By Min Zeng
Prices of U.S. government bonds fell on Tuesday as investors took some chips off the table following a price rally in the prior session.
In recent trading, the yield on the benchmark 10-year Treasury note was 2.463%, according to Tradeweb, compared with 2.401% Monday. Yields rise as bond prices fall.
Some investors had pared back risk appetite on Monday and flocked into Treasury debt on worries that U.S. President Donald Trump's protectionist approach on trade could hurt growth momentum.
On Tuesday, higher U.S. stocks and crude oil prices reflected improving risk appetite, reversing the haven flows in the bond market.
Treasury bond prices were also weighed down by new debt salesfrom both sides of the Atlantic.
A $26 billion sale of two-year Treasury notes occurred Tuesday afternoon, which will be followed by a $34 billion sale of five-year notes Wednesday and a $28 billion sale of seven-year notes Thursday.
The two-year note auction drew solid demand. The indirect bidding, a proxy of foreign demand, was 48.8%. That was the highest since May 2016.
U.S. government bonds continue to offer more appealing yields compared with their peers in Europe and Japan. The two-year notes were sold at a yield of 1.21%, much higher compared with a yield of negative 0.666% on the two-year German government bond.
Some European countries also issued new debt Tuesday, including the U.K. and Spain. In the U.S., corporate debt sales have been robust this month as firms lock in historically still cheap funding costs.
Bond underwriters and corporate bond issuers typically sell Treasury bonds to hedge unwanted volatility in interest rates before new debt sales are finalized, reflecting the U.S. government bond's role as a bedrock of global finance. Such selling pressure on the Treasury market, though, tends to be temporary. Once the new bonds are sold, underwriters and firms will unwind the hedges by buying back Treasury debt.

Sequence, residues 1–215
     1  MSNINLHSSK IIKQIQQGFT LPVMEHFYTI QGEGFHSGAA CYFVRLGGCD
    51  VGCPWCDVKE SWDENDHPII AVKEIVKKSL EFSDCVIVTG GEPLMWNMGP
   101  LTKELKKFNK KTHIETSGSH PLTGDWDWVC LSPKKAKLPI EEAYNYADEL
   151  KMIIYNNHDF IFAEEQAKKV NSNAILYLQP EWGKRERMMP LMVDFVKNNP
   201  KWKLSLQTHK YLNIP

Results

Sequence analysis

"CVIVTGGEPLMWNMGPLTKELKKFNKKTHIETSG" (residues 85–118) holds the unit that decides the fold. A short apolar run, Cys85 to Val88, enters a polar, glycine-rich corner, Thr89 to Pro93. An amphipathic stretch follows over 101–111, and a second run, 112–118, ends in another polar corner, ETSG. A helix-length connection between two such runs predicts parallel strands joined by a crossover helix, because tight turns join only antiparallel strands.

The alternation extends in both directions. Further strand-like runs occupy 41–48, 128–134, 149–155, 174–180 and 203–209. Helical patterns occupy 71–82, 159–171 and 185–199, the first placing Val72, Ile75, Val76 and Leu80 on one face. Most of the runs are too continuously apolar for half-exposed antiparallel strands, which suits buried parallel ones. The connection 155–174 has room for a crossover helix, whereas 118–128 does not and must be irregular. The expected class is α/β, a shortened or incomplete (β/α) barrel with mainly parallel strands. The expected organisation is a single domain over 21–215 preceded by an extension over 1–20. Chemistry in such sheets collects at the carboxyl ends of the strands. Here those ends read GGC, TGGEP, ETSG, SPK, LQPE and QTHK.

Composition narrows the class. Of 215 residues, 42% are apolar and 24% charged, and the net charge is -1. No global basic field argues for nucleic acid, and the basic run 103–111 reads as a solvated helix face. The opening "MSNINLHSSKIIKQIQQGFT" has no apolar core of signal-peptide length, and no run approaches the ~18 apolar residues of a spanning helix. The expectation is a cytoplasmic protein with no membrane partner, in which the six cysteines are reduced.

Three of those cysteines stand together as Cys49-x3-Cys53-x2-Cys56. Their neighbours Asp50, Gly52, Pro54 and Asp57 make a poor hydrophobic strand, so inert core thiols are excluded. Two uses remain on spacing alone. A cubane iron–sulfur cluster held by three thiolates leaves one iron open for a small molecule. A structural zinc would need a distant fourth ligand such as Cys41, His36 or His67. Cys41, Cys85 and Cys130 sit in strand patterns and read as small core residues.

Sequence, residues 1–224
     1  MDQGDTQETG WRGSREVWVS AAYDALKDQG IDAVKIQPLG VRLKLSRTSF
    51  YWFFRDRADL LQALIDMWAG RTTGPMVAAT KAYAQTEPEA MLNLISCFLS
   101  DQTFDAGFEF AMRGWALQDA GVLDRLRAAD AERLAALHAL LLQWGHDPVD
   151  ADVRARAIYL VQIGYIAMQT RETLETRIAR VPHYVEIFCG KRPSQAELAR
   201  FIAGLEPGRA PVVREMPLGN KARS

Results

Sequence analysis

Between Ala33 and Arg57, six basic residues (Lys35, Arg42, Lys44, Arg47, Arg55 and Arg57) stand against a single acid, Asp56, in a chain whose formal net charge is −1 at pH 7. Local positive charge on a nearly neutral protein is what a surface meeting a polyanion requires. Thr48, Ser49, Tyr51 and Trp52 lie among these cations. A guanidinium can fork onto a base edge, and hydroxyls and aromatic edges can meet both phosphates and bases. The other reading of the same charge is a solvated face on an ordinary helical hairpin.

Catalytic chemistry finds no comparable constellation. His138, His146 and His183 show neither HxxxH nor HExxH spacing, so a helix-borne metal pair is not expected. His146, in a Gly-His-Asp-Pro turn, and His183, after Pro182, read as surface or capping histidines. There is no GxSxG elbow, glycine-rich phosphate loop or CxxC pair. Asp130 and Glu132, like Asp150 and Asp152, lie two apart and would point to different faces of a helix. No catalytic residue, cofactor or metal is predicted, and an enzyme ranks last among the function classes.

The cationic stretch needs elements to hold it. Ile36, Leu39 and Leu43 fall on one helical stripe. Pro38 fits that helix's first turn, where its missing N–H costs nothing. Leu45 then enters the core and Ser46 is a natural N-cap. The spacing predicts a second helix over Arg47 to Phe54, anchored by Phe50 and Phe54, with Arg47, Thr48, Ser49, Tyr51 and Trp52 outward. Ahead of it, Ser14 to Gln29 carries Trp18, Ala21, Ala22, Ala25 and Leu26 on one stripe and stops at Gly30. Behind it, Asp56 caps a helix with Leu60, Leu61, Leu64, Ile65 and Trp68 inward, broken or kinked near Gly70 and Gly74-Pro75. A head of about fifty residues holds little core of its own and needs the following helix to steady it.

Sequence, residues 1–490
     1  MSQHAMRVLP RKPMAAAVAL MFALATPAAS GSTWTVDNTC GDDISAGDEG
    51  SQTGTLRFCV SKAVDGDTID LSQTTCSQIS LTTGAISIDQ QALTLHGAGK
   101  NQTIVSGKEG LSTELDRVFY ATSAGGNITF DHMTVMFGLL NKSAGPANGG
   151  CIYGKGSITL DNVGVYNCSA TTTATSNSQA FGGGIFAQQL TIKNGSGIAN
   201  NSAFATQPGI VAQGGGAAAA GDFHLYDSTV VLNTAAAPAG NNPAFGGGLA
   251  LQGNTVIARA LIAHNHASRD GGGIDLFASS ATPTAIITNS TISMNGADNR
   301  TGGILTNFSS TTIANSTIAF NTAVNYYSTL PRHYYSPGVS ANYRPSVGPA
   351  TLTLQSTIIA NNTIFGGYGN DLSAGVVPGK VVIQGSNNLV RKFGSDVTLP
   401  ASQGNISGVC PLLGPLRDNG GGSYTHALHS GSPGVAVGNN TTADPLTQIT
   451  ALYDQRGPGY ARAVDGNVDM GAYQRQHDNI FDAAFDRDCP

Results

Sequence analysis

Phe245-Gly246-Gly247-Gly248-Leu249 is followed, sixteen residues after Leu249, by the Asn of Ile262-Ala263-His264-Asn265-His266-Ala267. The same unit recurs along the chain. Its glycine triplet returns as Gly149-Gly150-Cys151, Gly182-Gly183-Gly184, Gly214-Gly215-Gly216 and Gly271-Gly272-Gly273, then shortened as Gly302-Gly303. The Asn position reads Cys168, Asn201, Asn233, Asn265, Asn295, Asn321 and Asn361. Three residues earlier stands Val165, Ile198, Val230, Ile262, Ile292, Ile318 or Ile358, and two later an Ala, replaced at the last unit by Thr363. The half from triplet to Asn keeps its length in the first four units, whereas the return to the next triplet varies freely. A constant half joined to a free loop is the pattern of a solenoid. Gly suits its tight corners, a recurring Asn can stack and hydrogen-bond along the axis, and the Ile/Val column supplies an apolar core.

Treasury bond yields have pulled back from a recent peak after rising sharply since the U.S. Election Day. From 1.867% on Nov. 8, the 10-year yield had jumped to a two-year high of 2.6% on Dec 16. Since then, it has been retreating.
The setback of the reflation trade -- betting on stronger growth and higher inflation by selling Treasury debt -- reflects uncertainty regarding the details and efficacy of Mr. Trump's policies.
While the prospect of large fiscal spending and lower taxes is likely to boost growth, Mr. Trump's protectionist approach on trade could hurt the growth outlook, say investors and analysts. It could lead to retaliation from other countries and runs the risk of leading to trade frictions that damage both the U.S. and its trading partners, say some analysts.
Brian Edmonds, head of interest rates at Cantor Fitzgerald LP, said the crosscurrents are likely to keep the 10-year note's yield between 2.35% and 2.55% in the near term.
"It is going to be hard to break to new high yields" unless a new catalyst emerges, he said. One would be that the government bond market in Europe "starts to crack."
On Monday, Treasury bond yields fell after Mr. Trump signed an executive order to remove the U.S. from the Trans-Pacific Partnership, making the first step toward renegotiating new trade pacts with other countries.
Mr. Trump's policy details and their effect on the broader economy are also likely to influence the pace of interest rate increases by the Federal Reserve.
Market expectation of tightening monetary policy has been one factor sending bond yields higher. Fed Chairwoman Janet Yellen last week signaled that interest rates could be raised "a few times a year" through 2019. The Fed holds its first policy meeting of the year next week.
Lisa Hornby, U.S. fixed-income portfolio manager at asset-management firm Schroders, said the U.S. economy is likely to withstand the impact from two to three rate increases this year.
Write to Min Zeng at firstname.lastname@example.org
(END) Dow Jones Newswires
January 24, 2017 14:20 ET (19:20 GMT)
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